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Former Virginia Gov. Bob McDonnell Found Guilty In Corruption Trial

Updated at 3:38 p.m. ET

A federal jury in Richmond, Va., has found former Virginia Gov. Bob McDonnell guilty on 11 of 14 charges in his corruption trial. His wife, Maureen, was found guilty on nine of 14 charges, including obstruction of justice.

Our partners at member station WAMU reportthat the McDonnells were found guilty "of conspiracy to commit honest-services wire fraud for accepting gifts and loans from Jonnie Williams," the owner of Star Scientific, a nutritional supplement company.

The Richmond Times-Dispatch reportsthat the McDonnells sobbed openly, but quietly as the verdicts were read. Their family members and supporters also wept, the newspaper reported. WAMU added that the former governor's attorney said the verdict will be appealed.

In a statement, the U.S. Justice Department said the "convictions should send a message that corruption in any form, at any level of government, will not be tolerated."

The jury of seven men and five women heard testimony from 67 witnesses and deliberated over three days before arriving at today's decision. Sentencing has been set for Jan. 6, 2015.

The Washington Post has a graphicthat illustrates the charges against the McDonnells and the verdict.

The trial has been a humiliating blow for the onetime rising GOP star who was elected governor in 2009 and just a few years ago was considered a possible running mate for Mitt Romney.

Shortly after he left office in January, McDonnell and his wife were accused of taking more than $165,000 worth of gifts and loans from Williams.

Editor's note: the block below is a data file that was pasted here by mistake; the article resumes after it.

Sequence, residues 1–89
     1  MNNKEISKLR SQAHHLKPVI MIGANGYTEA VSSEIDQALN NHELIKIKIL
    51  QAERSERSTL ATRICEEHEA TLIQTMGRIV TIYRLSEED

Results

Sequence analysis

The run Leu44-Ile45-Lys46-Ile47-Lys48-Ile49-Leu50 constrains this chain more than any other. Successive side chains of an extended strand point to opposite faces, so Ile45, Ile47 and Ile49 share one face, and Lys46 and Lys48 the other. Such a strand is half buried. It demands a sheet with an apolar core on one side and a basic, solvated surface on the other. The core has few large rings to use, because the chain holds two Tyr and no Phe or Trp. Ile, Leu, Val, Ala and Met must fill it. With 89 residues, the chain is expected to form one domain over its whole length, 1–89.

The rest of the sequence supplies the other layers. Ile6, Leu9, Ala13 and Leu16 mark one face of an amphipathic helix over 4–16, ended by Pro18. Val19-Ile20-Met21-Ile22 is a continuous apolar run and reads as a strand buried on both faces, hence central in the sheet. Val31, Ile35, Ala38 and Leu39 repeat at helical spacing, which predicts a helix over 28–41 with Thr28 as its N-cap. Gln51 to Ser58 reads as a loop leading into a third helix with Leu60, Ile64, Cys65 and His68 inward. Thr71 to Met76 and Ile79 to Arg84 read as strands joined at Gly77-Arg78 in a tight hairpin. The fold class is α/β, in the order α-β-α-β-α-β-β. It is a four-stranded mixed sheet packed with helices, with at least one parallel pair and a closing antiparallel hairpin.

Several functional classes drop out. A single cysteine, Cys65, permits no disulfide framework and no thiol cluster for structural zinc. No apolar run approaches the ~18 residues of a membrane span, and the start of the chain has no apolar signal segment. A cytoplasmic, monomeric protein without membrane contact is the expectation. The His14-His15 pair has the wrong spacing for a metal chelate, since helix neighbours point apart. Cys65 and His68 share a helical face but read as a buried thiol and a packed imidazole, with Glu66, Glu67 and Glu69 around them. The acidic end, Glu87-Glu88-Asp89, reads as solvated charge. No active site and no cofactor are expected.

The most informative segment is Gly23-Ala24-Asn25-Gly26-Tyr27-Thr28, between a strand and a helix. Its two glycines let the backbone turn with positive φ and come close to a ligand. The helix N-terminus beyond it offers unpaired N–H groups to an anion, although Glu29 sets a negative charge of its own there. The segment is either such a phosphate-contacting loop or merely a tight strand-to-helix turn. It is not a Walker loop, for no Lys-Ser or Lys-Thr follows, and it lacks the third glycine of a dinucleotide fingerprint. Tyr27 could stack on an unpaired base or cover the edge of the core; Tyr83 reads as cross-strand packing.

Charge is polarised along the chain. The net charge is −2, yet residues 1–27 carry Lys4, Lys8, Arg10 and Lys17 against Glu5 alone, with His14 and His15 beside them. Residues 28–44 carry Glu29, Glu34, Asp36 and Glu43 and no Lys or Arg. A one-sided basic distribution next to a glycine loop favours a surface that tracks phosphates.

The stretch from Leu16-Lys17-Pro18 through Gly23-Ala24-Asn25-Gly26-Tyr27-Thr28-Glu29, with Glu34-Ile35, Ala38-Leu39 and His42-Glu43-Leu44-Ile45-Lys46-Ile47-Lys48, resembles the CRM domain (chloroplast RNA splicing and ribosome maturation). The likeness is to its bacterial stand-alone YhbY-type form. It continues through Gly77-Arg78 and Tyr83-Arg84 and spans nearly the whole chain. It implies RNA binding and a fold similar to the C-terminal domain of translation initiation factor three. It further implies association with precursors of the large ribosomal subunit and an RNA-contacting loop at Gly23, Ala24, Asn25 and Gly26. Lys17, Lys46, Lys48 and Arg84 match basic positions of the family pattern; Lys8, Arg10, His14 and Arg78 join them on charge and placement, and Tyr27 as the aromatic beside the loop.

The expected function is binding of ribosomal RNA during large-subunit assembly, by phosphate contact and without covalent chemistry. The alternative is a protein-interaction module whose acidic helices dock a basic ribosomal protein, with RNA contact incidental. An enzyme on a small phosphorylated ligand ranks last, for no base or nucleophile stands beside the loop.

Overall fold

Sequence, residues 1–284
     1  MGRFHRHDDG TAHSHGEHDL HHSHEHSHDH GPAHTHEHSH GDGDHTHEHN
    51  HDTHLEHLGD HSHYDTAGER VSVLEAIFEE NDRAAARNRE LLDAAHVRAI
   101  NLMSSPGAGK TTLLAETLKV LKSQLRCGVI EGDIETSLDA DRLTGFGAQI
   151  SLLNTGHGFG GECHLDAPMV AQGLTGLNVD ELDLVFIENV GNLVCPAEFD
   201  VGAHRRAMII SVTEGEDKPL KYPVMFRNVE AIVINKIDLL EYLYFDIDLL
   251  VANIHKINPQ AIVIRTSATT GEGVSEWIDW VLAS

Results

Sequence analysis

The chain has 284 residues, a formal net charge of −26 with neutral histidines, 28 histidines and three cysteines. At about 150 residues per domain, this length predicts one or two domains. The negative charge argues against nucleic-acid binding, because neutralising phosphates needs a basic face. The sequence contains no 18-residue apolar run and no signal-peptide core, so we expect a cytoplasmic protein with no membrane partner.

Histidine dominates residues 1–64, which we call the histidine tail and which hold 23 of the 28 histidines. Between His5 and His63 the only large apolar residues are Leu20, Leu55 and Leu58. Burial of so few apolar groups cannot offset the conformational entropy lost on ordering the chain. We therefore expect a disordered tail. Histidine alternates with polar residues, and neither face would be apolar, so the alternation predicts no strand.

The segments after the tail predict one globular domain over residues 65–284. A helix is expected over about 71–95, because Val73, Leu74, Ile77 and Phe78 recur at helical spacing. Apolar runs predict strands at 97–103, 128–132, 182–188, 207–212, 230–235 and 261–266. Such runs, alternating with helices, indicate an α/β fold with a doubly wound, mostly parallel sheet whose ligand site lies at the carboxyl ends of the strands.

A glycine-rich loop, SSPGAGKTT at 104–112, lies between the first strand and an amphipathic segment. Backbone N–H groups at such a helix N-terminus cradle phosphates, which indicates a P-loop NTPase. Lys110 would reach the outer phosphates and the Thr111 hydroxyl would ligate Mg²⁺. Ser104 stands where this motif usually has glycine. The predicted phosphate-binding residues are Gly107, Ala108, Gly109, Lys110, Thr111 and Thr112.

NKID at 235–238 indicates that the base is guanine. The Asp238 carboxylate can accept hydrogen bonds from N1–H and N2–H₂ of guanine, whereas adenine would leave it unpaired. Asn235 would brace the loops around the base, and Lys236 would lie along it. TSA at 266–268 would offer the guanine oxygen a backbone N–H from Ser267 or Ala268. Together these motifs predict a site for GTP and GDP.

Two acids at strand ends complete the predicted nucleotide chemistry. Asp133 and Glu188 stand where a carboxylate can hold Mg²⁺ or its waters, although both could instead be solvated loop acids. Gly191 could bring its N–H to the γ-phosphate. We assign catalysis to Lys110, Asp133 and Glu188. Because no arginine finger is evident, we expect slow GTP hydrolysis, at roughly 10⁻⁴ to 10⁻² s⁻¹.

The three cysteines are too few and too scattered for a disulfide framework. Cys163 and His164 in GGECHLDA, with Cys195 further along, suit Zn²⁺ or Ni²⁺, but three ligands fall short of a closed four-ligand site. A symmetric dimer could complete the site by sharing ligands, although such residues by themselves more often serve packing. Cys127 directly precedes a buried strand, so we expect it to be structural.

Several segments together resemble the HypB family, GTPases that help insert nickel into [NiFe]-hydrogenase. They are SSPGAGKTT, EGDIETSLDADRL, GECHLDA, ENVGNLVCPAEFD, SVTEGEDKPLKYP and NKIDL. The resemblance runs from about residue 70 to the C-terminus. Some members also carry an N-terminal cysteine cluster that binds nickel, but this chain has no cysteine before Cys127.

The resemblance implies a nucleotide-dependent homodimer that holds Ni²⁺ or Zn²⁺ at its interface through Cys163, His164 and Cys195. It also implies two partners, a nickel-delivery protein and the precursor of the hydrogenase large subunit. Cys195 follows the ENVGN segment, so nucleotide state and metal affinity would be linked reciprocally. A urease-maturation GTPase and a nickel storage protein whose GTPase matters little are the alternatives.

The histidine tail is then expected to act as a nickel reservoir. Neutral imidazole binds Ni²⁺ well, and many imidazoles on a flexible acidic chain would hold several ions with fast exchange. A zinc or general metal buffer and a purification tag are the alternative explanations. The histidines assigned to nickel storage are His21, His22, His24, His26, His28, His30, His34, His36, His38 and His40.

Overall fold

Attorneys for the McDonnells argued that as a result of the couple's disintegrating marriage, Maureen McDonnell craved attention and developed a crush on the Star Scientific owner, who testified that the couple accepted and solicited gifts from him.

"Well, the former governor, when he ran for governor, represented his family as essentially the Cleavers — bustling and wholesome," Richmond Times-DispatchcolumnistJeff Schapiro told All Things Considered. "And five years later, now running for his life, his lawyers are depicting the McDonnells as the Louds — bitter and dysfunctional."

On the day he was indicted, Bob McDonnell told reporters, "I have apologized for my poor judgment, and I accept full responsibility for accepting these legal gifts and loans. However, I repeat again, emphatically, that I did nothing illegal for Mr. Williams in exchange for what I believe was his personal friendship and his generosity."

McDonnell said the loans had been "repaid with interest" and the gifts had been returned. He also has said that despite appearances of impropriety, there was no quid pro quo — that part of the role of governor is to support the state's businesses.

And Schapiro said there's some truth that this could be considered business as usual in Virginia.

"One wonders, given Virginia's long tradition of a business-friendly government, if perhaps some of these things took place and no one really noticed," Schapiro said. "Because for a long time, Virginia's government, like so many Southern governments, was controlled by a handful of like-minded conservative white guys. They looked out for business; business financed the political organization; the legislator came through with friendly laws and light regulation. This has been the pattern in the commonwealth for a long, long time."

McDonnell's status as a GOP luminary was cemented when he was chosen to deliver the Republican response to President Obama's State of the Union speech in 2010.

But the corruption scandal that erupted in McDonnell's final months as governor killed what was left of his political career, says Virginia politics expert Larry Sabato.

Copyright 2021 NPR. To see more, visit

Krishnadev Calamur is NPR's deputy Washington editor. In this role, he helps oversee planning of the Washington desk's news coverage. He also edits NPR's Supreme Court coverage. Previously, Calamur was an editor and staff writer at The Atlantic. This is his second stint at NPR, having previously worked on NPR's website from 2008-15. Calamur received an M.A. in journalism from the University of Missouri.
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